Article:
Low-income and middle class taxpayers in South Carolina pay a larger share of their income to support our public structures and systems than do our wealthiest taxpayers.
The quality of life we all enjoy in South Carolina is directly connected to those public systems and structures. Our schools, hospitals, social services, parks and infrastructure are what make our communities good places to live and work. But according to Who Pays? (4th ed., 2013), released Wednesday by the Washington-based Institute on Taxation & Economic Policy (ITEP), the top five percent of taxpayers, and especially the top one percent, are not carrying their share of ensuring that our communities are good places to live and work.
As this chart from the report shows, all of us contribute through our taxes, but while our poorest families pay 7.1 % of their family income in state and local taxes, our wealthiest citizens pay only 5 %. This disparity has grown from 1.6 % in 2007 to 2.1 % today when comparing ITEP’s 3rd edition of Who Pays? to the 4th.
All of us are taxpayers. As Figure 2 shows, all of us, but especially our lowest income families, pay a significantly higher share of family income in sales taxes (5.1 % for the lowest 20 %) compared to the hi
ghest 1 % (.7 %). As we have shifted more of our taxation from the relatively neutral property tax and the more progressive income tax, that increases the overall difference between our worst off and best off families—shifting ever more of the responsibility for our community well-being onto lower-income families. The top 1 % pays a smaller share in income taxes even than others in the top 20 %–3.6 % to 3.8 %.
Part of the favorable income tax treatment of the wealthiest 1 % flows from the favorable treatment South Carolina gives capital gains income—a 44 % discount for capital gains as opposed to income from actual work. We are one of only eight states with such notable capital gains preferences.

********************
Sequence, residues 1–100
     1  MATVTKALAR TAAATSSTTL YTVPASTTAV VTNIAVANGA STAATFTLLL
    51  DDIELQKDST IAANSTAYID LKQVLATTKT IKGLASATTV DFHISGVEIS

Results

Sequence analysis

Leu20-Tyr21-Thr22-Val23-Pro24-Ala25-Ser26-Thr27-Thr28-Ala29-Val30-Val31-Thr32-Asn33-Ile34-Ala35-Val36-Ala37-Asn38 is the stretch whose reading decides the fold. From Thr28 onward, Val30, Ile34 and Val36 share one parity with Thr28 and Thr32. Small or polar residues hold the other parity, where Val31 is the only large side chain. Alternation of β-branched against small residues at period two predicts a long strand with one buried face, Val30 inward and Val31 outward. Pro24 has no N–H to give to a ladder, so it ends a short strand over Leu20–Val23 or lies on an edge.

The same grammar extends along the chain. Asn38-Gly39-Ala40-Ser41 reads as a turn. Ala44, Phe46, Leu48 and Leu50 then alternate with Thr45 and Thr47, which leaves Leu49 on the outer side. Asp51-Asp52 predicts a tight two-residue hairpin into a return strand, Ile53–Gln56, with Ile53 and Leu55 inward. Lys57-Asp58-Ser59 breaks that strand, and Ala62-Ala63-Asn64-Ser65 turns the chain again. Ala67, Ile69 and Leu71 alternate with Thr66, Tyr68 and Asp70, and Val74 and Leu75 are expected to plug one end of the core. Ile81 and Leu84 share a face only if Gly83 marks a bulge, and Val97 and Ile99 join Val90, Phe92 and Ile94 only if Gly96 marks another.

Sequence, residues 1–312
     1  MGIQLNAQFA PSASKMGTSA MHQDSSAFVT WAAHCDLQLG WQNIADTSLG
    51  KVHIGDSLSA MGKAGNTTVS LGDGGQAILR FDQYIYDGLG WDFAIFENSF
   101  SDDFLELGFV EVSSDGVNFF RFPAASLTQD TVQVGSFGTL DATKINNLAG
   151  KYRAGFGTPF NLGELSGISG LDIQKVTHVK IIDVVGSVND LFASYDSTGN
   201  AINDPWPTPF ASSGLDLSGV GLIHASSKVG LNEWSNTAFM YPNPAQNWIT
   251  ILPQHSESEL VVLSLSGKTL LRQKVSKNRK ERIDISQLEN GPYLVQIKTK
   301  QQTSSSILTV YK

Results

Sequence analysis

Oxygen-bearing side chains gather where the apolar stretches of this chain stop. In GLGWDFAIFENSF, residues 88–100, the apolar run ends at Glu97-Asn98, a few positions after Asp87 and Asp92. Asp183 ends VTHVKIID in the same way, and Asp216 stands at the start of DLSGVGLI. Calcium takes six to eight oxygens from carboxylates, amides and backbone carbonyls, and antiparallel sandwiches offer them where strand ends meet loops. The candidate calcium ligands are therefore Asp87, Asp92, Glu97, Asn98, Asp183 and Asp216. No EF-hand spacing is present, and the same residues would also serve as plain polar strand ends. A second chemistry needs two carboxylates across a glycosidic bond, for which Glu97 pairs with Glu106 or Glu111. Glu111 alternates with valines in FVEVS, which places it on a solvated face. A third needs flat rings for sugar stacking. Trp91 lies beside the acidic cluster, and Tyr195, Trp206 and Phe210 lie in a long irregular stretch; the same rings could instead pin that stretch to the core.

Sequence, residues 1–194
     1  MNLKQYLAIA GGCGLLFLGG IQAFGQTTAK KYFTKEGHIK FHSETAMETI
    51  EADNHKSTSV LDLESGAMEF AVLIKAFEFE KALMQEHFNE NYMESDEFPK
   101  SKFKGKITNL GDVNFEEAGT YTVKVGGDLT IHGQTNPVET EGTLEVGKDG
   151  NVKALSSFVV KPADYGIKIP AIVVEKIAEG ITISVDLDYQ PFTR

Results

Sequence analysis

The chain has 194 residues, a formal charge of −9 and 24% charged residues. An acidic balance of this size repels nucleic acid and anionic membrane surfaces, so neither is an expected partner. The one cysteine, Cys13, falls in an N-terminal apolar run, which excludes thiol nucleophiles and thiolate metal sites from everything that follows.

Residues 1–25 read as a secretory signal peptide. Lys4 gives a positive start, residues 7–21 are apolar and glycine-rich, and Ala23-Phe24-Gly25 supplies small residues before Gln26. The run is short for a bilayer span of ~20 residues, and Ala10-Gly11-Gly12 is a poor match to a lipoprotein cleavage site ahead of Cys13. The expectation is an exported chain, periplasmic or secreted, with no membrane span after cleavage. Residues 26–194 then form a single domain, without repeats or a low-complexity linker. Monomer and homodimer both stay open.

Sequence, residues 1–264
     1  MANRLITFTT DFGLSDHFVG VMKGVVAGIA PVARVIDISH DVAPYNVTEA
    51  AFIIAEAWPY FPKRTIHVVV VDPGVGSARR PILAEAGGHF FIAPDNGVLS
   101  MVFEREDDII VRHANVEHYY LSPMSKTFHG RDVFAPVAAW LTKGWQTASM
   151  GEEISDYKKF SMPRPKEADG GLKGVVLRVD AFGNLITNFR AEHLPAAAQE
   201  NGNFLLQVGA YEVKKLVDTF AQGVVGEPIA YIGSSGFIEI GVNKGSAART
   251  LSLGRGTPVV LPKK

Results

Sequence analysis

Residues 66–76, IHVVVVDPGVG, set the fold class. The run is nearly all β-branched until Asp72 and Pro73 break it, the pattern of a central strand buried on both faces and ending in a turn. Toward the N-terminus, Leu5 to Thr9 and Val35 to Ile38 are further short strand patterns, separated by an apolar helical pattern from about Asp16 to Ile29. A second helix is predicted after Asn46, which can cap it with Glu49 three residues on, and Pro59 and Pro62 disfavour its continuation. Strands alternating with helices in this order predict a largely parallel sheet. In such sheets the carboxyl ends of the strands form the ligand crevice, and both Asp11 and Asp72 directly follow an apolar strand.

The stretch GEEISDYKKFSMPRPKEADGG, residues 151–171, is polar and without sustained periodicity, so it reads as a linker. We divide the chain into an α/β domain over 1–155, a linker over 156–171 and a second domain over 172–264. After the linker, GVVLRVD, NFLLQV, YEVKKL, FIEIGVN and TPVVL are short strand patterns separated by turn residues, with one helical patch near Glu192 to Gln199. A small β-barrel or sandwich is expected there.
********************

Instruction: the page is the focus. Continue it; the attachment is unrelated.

The wealthiest also benefit more from federal deduction offsets to federal income tax for state and local taxes, cutting 1.4 % from their overall contribution. The more you make, the more the federal tax code subsidizes your state and local taxes—an upside-down subsidy.
An article in last Friday’s The State suggested that the annual legislation conforming South Carolina’s income tax code to changes in the federal tax code might cost the wealthiest income taxpayers an additional $200. The average taxpayer in the 1 %, making $775,700 a year, would see a whopping increase in share of family income going to support our community of .03 %.
South Carolina’s tax structure is, from a fairness perspective, better than average.
In all income categories, South Carolina families pay a smaller portion of their income to support state and local public systems and structures than do the average American family. And our overall tax structure is less tilted against lower income taxpayers.
A recent editorial in The State describes South Carolina policymakers’ “tax-by-tax” fixation—looking at one tax at a time.
Many in the House declare “flatter is fairer”— but only when they are talking about income tax rates. Making the income tax flatter only makes the system less flat and less fair.
This report from ITEP, the fourth in this widely-used, highly-respected series, shows how important it is to look at taxes as a system and not just at each of its pieces. Most of the proposals being discussed on personal taxes—to raise the very regressive sales tax by eliminating exemptions or to cut income tax rates—make our tax system less fair.
In South Carolina our wealthiest five percent and, especially, the one percent are not contributing their fair share. That’s troubling when our revenues have in recent years not adequately supported the public systems and structures we have built up over decades to ensure that South Carolina is a good place to work and live. Rather than focusing on tax cuts, we should tell the wealthiest to step up to keep our state functioning well, now and into the future.
 “The report measures the state and local taxes paid by different income groups in 2013 (at 2010 income levels including the impact of tax changes enacted through January 2, 2013) as shares of income for every state and the District of Columbia.”